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Blame it on the birds. And the elephants, lions, biochar, Indonesian agroforestry, dirt batteries, mechanical caterpillar waves, global maps, messenger bag-cum-lighting systems, a cyber-dance experience and one very lovely essay about migration. But not too far into the first day of PopTech, the conference’s “Reimagining America” theme disappeared. Which was fine. It seemed too limited for a confab about Big Thoughts, even here in a small, charming  American town (that could use a little reimagining itself – connectivity way, way too spotty). In any case, you can’t really reimagine, or even imagine, America without including the rest the world in the equation.

And nobody brought that point home with more heart-wrenching eloquence than Chris Jordan with his slide show of photographs of dead albatross on Midway Island, killed by a diet of plastic from the Great Pacific Garbage Patch.

Photograph after photographs of birds, heads twisted by pain, guts split by a bounty of all too familiar bottle caps – perky shades of reds and blues favored by marketers – had the audience in shock and *this* audience in tears. This wasn’t an isolated occasional bird tragedy, but the picture of a extinction-in-progress. And because it took so darn long for anyone to discover the Garbage Patch, a ghostly-insidious man-made chemically-enhanced primordial soup the size of at least a couple of Texas’s (Texi?), it is far too late to do much about it – at least for the albatross (“Midway Journey” project blog – notes & videos).

Which doesn’t mean we shouldn’t try. Save the microbes! Save the plankton! Save the food chain!  Who knows? We might just save ourselves, too.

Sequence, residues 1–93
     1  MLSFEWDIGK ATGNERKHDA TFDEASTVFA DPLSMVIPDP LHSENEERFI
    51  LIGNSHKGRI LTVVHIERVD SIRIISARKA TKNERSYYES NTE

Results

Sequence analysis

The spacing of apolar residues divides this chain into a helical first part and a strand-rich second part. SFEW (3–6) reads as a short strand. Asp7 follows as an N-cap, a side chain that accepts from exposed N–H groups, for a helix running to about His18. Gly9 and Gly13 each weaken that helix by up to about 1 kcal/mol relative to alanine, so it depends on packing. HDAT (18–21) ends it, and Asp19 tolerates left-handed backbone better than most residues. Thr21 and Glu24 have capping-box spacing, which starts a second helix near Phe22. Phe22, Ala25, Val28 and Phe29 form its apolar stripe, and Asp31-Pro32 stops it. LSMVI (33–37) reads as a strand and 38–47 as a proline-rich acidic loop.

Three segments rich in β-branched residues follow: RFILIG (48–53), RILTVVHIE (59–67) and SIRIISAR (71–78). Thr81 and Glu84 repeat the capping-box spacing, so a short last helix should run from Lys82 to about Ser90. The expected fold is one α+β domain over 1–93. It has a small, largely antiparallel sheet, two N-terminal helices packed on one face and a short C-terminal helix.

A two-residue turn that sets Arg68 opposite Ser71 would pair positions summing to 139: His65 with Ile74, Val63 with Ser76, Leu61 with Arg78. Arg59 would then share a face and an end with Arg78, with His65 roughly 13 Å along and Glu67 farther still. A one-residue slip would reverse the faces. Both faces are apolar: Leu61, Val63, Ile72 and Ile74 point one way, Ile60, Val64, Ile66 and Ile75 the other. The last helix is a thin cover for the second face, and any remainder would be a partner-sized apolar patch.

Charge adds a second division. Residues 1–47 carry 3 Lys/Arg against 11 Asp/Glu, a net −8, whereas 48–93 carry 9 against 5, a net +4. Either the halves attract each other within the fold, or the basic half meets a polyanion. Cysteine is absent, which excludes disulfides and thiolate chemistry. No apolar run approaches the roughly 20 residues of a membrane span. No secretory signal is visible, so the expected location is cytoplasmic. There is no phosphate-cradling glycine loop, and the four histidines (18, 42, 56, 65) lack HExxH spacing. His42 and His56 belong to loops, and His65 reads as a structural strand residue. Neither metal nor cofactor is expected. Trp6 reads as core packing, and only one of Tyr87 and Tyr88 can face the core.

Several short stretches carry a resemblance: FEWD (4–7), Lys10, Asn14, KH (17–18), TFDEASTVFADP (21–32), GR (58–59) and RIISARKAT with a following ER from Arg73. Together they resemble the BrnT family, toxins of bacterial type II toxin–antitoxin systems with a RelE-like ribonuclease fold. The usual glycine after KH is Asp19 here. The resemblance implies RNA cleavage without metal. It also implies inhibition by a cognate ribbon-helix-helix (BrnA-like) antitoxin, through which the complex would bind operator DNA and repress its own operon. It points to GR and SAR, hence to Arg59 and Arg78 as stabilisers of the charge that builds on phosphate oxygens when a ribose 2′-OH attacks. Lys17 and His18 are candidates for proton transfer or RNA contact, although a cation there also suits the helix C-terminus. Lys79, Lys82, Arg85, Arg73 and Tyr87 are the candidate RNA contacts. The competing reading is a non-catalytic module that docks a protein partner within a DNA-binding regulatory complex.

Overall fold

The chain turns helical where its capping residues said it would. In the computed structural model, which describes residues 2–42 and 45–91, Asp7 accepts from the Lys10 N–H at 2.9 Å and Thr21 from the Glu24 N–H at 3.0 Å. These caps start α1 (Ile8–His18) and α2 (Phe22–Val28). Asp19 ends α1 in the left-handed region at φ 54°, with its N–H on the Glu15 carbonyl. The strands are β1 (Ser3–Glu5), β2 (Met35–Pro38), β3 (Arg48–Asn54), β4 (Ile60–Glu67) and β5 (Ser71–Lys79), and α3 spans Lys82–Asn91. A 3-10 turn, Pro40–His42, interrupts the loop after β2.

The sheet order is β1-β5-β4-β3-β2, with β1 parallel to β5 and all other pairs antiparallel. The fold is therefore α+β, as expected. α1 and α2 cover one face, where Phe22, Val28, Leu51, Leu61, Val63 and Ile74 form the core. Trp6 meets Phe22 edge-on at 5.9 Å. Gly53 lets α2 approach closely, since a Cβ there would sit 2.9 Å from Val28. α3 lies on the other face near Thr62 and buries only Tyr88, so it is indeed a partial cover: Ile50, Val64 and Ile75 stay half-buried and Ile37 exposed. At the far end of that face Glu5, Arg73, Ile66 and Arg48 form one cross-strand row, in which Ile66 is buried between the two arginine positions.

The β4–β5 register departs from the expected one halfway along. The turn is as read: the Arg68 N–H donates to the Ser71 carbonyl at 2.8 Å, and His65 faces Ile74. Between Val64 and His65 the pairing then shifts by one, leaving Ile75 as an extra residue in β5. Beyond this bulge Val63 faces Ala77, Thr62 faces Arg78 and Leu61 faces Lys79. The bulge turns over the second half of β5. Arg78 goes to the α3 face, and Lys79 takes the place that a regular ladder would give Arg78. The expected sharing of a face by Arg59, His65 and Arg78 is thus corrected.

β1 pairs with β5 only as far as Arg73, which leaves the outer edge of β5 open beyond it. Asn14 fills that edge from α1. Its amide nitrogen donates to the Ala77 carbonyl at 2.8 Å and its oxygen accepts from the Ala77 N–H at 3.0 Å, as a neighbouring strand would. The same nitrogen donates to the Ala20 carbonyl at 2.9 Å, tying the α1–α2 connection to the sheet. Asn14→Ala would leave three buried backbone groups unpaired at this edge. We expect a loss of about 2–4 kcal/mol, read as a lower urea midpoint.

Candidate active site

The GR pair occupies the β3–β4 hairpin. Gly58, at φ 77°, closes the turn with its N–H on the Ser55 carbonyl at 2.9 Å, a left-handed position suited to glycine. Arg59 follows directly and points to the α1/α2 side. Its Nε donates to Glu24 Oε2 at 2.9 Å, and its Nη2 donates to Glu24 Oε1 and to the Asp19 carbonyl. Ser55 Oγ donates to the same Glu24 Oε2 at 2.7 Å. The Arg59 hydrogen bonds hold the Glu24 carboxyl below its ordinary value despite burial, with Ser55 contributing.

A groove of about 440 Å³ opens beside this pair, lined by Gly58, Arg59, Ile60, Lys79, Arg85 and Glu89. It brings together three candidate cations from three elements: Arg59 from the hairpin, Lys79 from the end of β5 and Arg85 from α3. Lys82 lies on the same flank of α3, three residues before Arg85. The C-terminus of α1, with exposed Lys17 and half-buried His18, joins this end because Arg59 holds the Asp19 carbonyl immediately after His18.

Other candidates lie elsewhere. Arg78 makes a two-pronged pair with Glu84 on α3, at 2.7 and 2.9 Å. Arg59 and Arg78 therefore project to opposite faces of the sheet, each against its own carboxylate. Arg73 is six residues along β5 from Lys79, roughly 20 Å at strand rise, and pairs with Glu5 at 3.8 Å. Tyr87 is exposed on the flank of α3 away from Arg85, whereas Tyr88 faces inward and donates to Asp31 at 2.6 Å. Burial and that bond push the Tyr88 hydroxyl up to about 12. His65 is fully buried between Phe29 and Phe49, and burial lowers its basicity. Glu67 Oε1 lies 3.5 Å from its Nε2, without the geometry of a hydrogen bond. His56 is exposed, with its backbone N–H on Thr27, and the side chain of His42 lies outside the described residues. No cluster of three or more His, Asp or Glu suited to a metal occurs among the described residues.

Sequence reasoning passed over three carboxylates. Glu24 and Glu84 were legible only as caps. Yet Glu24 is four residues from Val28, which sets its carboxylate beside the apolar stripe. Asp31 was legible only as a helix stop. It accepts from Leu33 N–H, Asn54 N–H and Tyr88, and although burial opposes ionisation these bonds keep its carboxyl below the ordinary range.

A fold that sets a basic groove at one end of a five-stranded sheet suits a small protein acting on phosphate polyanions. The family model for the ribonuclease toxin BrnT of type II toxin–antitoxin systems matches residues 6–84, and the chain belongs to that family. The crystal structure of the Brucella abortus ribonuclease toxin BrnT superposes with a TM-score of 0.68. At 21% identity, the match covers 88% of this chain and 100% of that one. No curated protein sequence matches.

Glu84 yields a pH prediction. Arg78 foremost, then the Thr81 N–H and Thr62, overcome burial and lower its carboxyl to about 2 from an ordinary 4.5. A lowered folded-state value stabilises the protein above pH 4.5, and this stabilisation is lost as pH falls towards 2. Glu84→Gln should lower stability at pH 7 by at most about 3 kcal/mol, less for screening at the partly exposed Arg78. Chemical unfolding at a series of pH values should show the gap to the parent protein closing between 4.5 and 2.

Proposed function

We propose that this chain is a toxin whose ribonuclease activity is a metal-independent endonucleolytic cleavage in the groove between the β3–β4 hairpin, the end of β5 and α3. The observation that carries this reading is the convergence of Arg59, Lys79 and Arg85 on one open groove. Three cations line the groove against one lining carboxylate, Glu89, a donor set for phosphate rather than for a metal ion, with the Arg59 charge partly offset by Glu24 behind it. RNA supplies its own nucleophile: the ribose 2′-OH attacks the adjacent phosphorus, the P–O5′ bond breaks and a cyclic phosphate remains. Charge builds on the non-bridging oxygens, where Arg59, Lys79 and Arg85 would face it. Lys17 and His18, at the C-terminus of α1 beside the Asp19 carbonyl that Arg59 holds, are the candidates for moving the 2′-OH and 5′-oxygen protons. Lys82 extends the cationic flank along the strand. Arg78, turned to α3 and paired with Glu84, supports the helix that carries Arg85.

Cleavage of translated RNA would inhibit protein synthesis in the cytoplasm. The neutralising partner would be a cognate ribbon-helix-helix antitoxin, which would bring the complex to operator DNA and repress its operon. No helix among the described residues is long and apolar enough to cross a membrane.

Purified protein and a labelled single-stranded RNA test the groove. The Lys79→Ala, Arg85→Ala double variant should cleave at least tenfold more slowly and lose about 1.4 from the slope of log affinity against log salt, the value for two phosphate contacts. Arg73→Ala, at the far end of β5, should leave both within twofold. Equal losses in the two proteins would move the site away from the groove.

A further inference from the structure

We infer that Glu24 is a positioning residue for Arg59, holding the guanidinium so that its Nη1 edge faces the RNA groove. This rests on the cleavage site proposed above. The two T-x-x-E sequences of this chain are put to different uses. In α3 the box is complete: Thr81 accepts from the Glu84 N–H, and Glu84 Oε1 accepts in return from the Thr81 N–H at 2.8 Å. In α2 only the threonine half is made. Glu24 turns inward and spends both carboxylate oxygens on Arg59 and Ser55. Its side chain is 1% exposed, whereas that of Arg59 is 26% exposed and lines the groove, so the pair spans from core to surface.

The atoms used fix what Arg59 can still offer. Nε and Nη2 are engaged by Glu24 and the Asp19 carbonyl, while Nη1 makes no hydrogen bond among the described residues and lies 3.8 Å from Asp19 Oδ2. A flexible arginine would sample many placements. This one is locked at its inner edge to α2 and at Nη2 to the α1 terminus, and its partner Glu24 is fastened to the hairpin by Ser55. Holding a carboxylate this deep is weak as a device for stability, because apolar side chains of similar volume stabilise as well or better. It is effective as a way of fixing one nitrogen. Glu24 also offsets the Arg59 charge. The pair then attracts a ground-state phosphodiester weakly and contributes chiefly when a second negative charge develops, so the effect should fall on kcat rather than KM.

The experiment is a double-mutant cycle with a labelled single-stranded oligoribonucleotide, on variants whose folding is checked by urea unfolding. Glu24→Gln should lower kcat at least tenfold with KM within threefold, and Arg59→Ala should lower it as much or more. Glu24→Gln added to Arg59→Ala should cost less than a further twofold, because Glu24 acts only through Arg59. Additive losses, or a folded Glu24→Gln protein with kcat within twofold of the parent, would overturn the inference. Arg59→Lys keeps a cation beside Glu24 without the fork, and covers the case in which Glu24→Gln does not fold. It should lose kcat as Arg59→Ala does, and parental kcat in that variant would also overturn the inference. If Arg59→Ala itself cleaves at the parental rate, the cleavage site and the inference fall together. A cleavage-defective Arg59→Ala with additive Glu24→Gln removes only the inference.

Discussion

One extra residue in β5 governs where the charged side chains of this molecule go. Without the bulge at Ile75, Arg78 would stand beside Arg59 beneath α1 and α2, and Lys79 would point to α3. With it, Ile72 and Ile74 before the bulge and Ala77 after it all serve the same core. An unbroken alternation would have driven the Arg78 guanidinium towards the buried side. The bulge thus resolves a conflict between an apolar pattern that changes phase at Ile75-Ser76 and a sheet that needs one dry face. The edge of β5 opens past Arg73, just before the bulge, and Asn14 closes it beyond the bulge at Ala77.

The day was filled with jolts of Overwhelming Problems paired with Glimmers of Hope.

John Fetterman, the myth-come-to-life mayor of Braddock, PA, a bankrupt rust-belt town that had been all but written off. A strikingly tall bald figure, with dates tattooed on his massive arms to remember the victims of violent crimes (thankfully, no new tattoos in over a year), Fetterman’s unvarnished recitation of all that had gone wrong coupled with some very basic ideas of what can be done had the crowd on a can-do upswing. Renovate those $5,000 homes (average price – since the recession, they’ve lost value). Add artists. LOTS of artists. Plant urban gardens. Hold lots of family-friendly it-takes-a-village-to-make-a-village. Clear debris and make a park. Then came news of a major hospital closing, which will not only take jobs from the area, but leave the population – mostly poor and minority – in a health-care desert. It is hard to make money taking care of poor people. So much for the greater public good or, for that matter, public health.

I began to wonder whether some of the health solutions being tested in the developing world –  many driven by cell phone tech – wouldn’t be appropriate here, too? (e.g., PopTech Fellow Josh Nesbit’s FrontlineSMS: Medic & Hope Phones).

Indeed, one of the conference’s most intriguing themes to emerge so far is this concept of two-way innovation: developed to developing world and vice-versa. (Note to makers of One Laptop Per Child: I really really REALLY want one of those computer screens designed for use in full sun…)